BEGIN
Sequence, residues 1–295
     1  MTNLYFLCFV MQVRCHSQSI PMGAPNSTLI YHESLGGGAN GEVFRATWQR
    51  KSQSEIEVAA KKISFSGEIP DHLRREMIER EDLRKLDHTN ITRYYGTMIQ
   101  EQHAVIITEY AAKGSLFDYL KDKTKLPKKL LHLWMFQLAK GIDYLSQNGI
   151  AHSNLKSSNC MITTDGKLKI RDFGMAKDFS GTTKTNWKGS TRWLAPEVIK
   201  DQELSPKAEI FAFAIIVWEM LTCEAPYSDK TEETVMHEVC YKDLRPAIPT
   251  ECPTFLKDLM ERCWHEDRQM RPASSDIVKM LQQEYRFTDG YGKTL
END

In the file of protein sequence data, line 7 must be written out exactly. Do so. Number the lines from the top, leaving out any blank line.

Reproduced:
   251  ECPTFLKDLM ERCWHEDRQM RPASSDIVKM LQQEYRFTDG YGKTL